The Perpetual Crises of Democracy

Issue Date January 2007
Volume 18
Issue 1
Page Numbers 5-11
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Democracy is and always will be in some kind of crisis, for it is constantly redirecting its citizens’ gaze from a more or less unsatisfactory present toward a future of still unfulfilled possibilities. There is in these crises something that belongs to what is best and most distinctive about democracy. For the crises underline democracy’s intrinsic mix of hope and dissatisfaction, its highlighting of a lack that will never be filled. The capacity for hope is the great capacity of democracy, one which under the right circumstances can and should nourish other, more specific capacities that may promote improvements in democratic quality.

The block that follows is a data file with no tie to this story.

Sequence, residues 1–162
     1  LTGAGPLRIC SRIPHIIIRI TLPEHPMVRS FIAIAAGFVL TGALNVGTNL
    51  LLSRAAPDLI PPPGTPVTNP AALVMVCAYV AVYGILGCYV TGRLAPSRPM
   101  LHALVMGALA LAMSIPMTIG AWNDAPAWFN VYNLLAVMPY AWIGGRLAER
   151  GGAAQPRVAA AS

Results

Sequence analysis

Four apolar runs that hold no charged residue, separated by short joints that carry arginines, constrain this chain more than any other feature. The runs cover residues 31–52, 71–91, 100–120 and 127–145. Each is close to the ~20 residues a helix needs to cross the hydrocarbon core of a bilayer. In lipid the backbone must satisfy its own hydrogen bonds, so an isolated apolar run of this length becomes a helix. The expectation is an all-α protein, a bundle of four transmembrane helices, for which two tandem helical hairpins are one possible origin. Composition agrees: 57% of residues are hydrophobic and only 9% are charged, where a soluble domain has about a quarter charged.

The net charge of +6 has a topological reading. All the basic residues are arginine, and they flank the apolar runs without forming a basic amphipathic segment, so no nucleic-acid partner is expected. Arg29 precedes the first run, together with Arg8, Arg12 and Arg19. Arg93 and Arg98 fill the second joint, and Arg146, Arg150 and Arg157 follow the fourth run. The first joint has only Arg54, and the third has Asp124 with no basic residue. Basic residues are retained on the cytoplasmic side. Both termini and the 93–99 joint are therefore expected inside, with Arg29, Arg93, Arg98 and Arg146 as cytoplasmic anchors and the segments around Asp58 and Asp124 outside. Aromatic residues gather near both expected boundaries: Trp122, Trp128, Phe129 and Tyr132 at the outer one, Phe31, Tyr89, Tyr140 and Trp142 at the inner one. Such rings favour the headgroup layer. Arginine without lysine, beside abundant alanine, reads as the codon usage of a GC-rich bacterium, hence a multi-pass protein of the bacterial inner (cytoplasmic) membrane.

About the Author

Guillermo O’Donnell is professor emeritus of political science and senior fellow at the Kellogg Institute for International Studies of the University of Notre Dame and professor of political science at the University of San Martín, Argentina. In 2006, he was the first-ever recipient of the International Political Science Association’s Mattei Dogan Prize for lifetime achievement.

View all work by Guillermo O’Donnell